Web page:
Bavaria graduated from Georgetown University and New England School of Law. He lives in Boca Raton, Florida.
Retired; (BDC, mREIT) 50/50 Portfolio; dividends at 76% of my gross employment income. I created a High Yield Investment dividend generator that contains a 50% weighting between agency mortgage REITs and BDCs.
**** Retired 2017 ****Retired 2017 ****Retired 2017 ****Retired 2017 ****
My current investment method started January 2014 to concentrate on high yield equities that put more importance on income and less on capital appreciation. Investment purchase is based on each individual stock generating a minimum dividend per year. As long as stocks are generating income to meet or exceed my minimum dividend they will not be added too or removed.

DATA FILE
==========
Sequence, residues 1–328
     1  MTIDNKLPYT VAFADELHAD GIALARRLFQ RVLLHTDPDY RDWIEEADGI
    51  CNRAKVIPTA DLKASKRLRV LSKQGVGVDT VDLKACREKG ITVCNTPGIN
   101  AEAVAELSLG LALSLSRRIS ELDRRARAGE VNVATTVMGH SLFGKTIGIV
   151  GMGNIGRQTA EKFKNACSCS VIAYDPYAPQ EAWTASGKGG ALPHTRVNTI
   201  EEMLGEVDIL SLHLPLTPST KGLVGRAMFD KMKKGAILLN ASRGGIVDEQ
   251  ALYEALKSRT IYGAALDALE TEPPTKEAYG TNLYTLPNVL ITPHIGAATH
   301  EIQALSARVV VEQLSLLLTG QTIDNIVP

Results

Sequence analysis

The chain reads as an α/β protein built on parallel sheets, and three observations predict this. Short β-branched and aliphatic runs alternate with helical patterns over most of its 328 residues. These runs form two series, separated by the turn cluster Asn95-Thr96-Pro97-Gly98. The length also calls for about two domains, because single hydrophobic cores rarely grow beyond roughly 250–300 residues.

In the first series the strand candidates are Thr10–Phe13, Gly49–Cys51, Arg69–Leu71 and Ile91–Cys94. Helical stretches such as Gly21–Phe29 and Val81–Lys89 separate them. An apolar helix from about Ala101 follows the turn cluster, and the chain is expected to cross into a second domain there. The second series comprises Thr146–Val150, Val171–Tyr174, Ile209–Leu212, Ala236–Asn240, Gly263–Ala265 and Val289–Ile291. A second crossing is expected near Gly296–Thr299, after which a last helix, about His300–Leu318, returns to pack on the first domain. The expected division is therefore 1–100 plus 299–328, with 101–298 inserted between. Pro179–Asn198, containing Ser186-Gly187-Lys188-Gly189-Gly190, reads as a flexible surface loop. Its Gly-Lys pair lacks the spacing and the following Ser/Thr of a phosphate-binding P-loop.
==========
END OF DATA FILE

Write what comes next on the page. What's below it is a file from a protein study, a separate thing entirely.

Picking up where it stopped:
1) Currently surplus dividends are reinvested back into stocks that require their dividends to be increased to meet my minimum yearly dividend. Since retiring in 2017 I have set up withdraws based on 50% of total cash flow income generated increasing at 3% per year.
2) The investment selection is based on this principle; BDCs outperform when markets are going up (positive correlation), and mREITs, outperform when markets are going down (negative correlation).
3) Capital gain does not apply to my investment method since this implies the anticipation of buy and hope for price increase in order to sell at a profit. Income cash flow is the main driver of my investment method in retirement. Portfolio balance will naturally increase since I'll always be in the accumulation phase.